WLR not only changes participating children’s mindsets but also the mindsets of the adults that are trained as ambassadors. These ambassadors experience increased feelings of agency, improved mental health, and reduced stress.  Dr. Dajani said, “WLR acts as a stepping stone for volunteers to discover their own potential and to become changemakers in their own right as adults.” 

One way WLR empowers ambassadors to be leaders in their communities is by tasking them with establishing and maintaining local libraries. WLR provides ambassadors with a seed library of 30 books, but they are responsible for raising money in the community to purchase more books and sustain operations in the long run. Operating this project teaches individuals how to manage the finances and operations of the libraries while building a network in their communities to provide support.  

To date, WLR has a global network of thousands of ambassadors who are gaining leadership experience and public speaking skills. Photo by WLR.

In an evaluation done by Hashemite University, WLR volunteers showed an 84% increase in leadership skills after joining the program. WLR is also designed to trigger a domino effect, changing the mindsets of each trainee who passes those mindset shifts to others, eventually affecting entire communities. Each ambassador is asked to teach the next round of volunteers the same values of responsibility and passion while teaching skills like public speaking, critical thinking, and debate.  

Additionally, a large percentage of ambassadors are women. According to a study conducted by Cambridge about the effect of WLR on their female volunteers and their capacity to be changemakers in their communities, “WLR isn’t delivering services which need support systems, it creates capabilities in hundreds of local women enabling them to be creative for themselves.” 

Scaling Out: A Reading Movement

The successful ripple effect of We Love Reading’s organic, grassroots model proved to be the catalyst for the program to replicate across the world. WLR’s profound success resulted in a swell of international attention and support: international organizations and leaders in the education world saw the impact and wanted to reach even more communities. Dr. Dajani started receiving grants exceeding a million dollars, enabling her to increase the staff at WLR from three to 30 employees and build the organization’s infrastructure in addition to its legal, financial, and HR systems. With these new resources, Dr. Dajani could expand the program’s objectives. She said, “We Love Reading began as an education program, then it grew into a social entrepreneurship and mental health program.”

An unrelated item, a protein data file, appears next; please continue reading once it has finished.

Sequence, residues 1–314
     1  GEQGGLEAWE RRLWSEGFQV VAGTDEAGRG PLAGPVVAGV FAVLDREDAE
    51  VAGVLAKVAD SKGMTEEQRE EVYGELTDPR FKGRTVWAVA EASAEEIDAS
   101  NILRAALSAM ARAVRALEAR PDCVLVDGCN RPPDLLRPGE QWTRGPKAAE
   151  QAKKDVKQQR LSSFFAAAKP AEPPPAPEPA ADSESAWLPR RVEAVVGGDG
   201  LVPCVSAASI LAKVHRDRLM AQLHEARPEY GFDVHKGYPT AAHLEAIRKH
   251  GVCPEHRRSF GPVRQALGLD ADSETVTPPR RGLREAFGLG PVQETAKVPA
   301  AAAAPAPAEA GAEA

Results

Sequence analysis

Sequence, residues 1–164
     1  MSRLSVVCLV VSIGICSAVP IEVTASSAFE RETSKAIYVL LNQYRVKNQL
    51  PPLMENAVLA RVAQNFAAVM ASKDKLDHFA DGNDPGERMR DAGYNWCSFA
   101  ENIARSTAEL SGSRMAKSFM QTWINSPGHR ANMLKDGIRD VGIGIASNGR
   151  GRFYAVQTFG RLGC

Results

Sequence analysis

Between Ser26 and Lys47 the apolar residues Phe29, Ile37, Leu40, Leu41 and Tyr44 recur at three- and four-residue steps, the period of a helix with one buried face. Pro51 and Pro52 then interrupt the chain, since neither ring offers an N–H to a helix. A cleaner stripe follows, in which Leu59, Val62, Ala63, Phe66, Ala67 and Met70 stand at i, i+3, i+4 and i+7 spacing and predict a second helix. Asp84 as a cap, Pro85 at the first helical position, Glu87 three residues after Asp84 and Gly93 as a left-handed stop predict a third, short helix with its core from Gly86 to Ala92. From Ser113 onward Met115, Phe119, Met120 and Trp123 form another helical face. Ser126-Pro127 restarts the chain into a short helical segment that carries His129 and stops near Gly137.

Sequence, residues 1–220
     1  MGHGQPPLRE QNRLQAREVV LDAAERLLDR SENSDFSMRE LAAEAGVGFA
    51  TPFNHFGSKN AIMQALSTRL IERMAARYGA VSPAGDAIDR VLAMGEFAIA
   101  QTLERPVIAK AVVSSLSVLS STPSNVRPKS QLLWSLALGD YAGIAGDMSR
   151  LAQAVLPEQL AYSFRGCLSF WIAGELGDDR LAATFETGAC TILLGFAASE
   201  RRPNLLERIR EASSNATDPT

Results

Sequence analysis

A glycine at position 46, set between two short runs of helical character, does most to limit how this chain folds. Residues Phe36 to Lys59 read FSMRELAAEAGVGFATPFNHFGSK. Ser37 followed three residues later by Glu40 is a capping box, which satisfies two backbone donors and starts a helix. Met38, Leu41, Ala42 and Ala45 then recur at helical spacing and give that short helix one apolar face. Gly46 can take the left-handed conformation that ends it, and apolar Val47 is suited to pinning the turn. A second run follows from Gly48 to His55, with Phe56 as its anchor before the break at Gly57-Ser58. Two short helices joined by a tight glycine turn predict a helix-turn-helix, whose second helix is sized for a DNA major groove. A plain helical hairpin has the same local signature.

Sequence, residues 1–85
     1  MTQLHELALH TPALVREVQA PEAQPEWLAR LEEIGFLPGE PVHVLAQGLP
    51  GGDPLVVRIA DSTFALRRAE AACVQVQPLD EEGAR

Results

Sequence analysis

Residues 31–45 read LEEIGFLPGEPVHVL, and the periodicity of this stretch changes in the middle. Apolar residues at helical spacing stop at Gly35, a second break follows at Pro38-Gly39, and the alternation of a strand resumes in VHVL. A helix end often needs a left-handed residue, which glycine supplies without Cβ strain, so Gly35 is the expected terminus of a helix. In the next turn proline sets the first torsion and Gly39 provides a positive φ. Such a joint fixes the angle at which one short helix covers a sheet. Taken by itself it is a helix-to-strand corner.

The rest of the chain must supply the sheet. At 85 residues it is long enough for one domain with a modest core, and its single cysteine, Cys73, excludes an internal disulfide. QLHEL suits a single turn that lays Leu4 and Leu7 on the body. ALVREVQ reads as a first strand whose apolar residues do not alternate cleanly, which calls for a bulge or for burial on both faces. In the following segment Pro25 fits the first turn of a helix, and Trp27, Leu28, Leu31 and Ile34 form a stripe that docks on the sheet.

Since inception, WLR has reached almost half a million kids around the world. Photo by WLR

Now We Love Reading is accessible and easily replicable. It offers a free, online training program that is being translated into a total of 12 languages. We Love Reading receives requests from individuals all over the world who want to become ambassadors. Their ambassador training program teaches participants about the importance of reading aloud for fun, how to change mindsets and create changemakers, and how to establish regular read-aloud sessions in their local neighborhoods.  

We Love Reading’s model has proven to be effective in all types of neighborhoods, including more informal communities like refugee settlements and camps in Jordan. Dr. Dajani said, “Most refugees don’t know what’s going to happen in the future… and this impacts their mental health. We Love Reading gives them a purpose, something that is tangible and a sense of agency. This sense of control is so important for building resilience and improving the positive mentality.”

The WLR model is simple but easily replicable—it has been adopted in many countries around the world. In Turkey, the Mother-Child Education Foundation harnesses the WLR model to increase female literacy in mothers. In Mexico, WLR is being used to preserve indigenous populations’ heritages and history. In South Africa, one company provided WLR with a free platform and sponsored access to online training to an unlimited number of users. 

We Love Reading is more than an organization – it’s a movement. Dr. Dajani’s model has been replicated in countries around the world, reaching more than 500,000 kids, and distributing almost 200,000 books.

By Audrey Lodes